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Topic 64: Discuss the risks and challenges involved in simultanous operations or co-activities in Oil and Gas activities.

Oghenekevwe Ovbije's picture

Operations with two or more installations and simultaneous operations such as construction and production need appropriate management systems and controls for effective use of resources and to minimise risk.

Comments

Andrew Strachan's picture

The permit to work system is an effective safety management tool to control and manage risk when multiple hazardous activities are being carried out concurrently in a confined environment such as an offshore platform or any other industrial plant. The benefits include:
1) Ensures risk assessments are carried out since a permit will not be given without one.
2) Ensures good handover between shifts since the permit has to be handed in after the completion of each shift.
3) Allows management to highlight and control activities, which might clash and potentially cause harm when carried out simultaneously.

JIEFU's picture

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I
agree with your comment about risk assessment here. Risk assessment and
temporary operation plan is essential for reducing the risks and challenges
involved in co-activities. Risk assessment should be the more specific and
comprehensive the better. Then Risk analysis can be conducted concerning these
anticipated risks in terms of the probability and the severity a specific risk
may happen. Then according to the different level of risks, the measures can be
categorized and conducted through  ‘Remove’, ’Transfer’, ‘Reduce’ and ‘Manage’. For
example, a road is under construction while it is also used by another party
for transporting goods. By removing the risks means a temporary road can be
adapted after negotiating with stakeholders. Therefore, risk assessment is
really important in managing the simultaneous activities.  

Claire Snodgrass's picture

I have been involved in combined operations where a MODU (mobile offshore drilling unit) was re-drilling and working over some existing subsea wells that were tied back to a host platform.

For this project an interface document was prepared and agreed by the MODU operator and the platform operator.  This documented which company had responsibility for various operational and health, safety and environmental aspects – everything from the work programme to waste handling to competency to emergency response.  The appropriate procedures were also identified for each topic.

Additionally, a hazard identification and risk assessment was conducted with representatives from both operators (both companies had not only onshore management representatives but also an offshore installation manager (OIM)) as well as appropriate third parties, such as the anchor handler.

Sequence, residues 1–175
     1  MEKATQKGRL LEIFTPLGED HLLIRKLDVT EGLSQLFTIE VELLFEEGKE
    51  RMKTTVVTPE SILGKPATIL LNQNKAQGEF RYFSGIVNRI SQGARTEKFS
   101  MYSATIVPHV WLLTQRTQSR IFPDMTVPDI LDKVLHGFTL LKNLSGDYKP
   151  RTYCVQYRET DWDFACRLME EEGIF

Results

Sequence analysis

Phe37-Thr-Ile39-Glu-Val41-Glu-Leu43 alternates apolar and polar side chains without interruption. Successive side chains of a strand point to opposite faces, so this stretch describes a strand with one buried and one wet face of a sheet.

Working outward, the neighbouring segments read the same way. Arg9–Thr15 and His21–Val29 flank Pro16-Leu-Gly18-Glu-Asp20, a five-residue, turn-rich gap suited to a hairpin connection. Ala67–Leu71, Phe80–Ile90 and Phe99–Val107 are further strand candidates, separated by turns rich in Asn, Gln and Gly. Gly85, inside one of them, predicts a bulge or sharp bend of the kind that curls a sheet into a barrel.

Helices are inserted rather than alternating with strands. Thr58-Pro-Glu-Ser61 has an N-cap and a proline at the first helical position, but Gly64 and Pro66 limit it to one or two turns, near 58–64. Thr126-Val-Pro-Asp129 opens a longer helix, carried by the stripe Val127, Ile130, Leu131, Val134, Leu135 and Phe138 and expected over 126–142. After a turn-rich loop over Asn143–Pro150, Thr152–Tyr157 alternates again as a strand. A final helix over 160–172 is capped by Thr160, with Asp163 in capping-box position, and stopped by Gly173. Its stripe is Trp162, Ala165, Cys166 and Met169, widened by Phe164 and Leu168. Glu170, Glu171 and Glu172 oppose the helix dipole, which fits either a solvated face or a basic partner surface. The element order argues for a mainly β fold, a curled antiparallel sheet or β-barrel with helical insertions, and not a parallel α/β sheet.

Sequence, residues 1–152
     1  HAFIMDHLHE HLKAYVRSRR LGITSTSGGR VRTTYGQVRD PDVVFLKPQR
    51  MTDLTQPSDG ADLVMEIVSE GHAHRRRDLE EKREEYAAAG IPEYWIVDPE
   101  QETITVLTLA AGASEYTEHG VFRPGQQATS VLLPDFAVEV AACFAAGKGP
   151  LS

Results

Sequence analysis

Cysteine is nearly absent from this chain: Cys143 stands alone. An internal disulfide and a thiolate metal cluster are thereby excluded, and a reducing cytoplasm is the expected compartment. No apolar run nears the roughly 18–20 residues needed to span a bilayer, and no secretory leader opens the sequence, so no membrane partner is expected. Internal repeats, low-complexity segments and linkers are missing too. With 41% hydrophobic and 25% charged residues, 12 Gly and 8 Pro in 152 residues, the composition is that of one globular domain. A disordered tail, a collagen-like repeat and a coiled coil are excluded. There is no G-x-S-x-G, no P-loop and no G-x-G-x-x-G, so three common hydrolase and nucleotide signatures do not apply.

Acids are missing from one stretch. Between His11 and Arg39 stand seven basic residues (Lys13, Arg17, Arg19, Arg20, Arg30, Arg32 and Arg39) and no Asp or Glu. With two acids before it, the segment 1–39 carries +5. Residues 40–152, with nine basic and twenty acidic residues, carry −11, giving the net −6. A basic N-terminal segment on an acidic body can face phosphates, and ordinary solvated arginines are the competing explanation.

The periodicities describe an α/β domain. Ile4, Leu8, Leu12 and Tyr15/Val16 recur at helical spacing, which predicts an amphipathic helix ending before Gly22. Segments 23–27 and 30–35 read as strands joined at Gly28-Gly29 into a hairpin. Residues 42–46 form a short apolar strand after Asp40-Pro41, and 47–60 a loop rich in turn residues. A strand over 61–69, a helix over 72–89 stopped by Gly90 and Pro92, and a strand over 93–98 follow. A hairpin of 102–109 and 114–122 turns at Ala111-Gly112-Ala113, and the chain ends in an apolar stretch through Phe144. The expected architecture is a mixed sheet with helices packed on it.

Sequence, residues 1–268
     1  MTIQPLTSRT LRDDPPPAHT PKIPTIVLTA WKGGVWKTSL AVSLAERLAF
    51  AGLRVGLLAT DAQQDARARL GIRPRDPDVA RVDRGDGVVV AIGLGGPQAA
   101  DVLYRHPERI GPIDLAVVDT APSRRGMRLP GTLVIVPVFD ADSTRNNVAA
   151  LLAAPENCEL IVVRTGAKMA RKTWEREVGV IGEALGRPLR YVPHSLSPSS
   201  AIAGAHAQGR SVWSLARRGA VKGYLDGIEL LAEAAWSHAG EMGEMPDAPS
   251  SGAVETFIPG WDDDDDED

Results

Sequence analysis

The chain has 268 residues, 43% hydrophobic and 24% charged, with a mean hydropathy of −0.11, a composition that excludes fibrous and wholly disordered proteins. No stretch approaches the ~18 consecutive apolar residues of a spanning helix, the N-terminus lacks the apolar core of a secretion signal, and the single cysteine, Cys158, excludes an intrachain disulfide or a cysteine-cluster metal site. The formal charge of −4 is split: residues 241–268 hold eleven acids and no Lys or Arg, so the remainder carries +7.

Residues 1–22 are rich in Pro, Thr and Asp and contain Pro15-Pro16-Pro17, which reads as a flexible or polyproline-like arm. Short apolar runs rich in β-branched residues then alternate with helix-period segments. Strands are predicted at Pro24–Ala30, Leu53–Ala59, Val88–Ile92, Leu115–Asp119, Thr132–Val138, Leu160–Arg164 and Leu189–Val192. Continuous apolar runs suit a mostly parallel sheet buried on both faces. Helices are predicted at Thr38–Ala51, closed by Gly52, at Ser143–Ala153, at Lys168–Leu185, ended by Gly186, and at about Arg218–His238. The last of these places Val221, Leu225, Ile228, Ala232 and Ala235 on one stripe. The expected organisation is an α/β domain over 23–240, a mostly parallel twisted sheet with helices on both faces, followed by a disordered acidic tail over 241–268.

As required by the Offshore 2005 regulations, a notification of the combined operations was submitted to the HSE.  The notification described the operations that were to take place, the arrangements that had been put in place to manage the safety of the combined operations (the interface document) and a summary of the risks identified at the HIRA and the mitigation measures put in place.

William J. Wilson's picture

The comments raised above are very valid at the planning stage and at a higher operations level where managers get a holistic view of all sub-activities being carried out.  For example; activities A and B affect each other in scenarios 1a, 2a, 3a, 1b, 2b, etc.   If we come down a level of hierarchy to the processing level where junior engineering supervisors are then they might be unaware of the consequences of their actions within sub activity 1a towards the needs and actions of sub-activity of 2b.  This could be something as simple as re-locating materials away from where they are needed for sub-activity 2b.  Having spent much of my career managing this I can say this happens a lot with the following consequences:
1. Miss-communication between sub-activities
2. Confusion and frustration about times and assets available
3. Loss of time
Carrying out adequate hazard identification and risk assessment that engages with all stakeholders like Claire addressed above is paramount to successful simultaneous operation but only if relevant information is passed down to everyone on the shop floor.

William Wilson
MSc Subsea Engineering

Oghenekevwe Ovbije's picture

Hi Claire, it is nice to share an experience on the blog.

Simultaneous operations or co-activities have strong implications on a project; they can either lead to the prompt completion of the project or cause a setback or delay on the project execution. The risks involved in carrying out simultaneous co-activities from the planning to completion stage can be eliminated or minimised through proper planning, communication and supervision.

To safely carry out simultaneous co-activities, the following should be strongly adhered to:
•Do not carry out simultaneous co-activities without prior inspections and approval
•Co-ordinators should ensure the assigned task for individuals are specified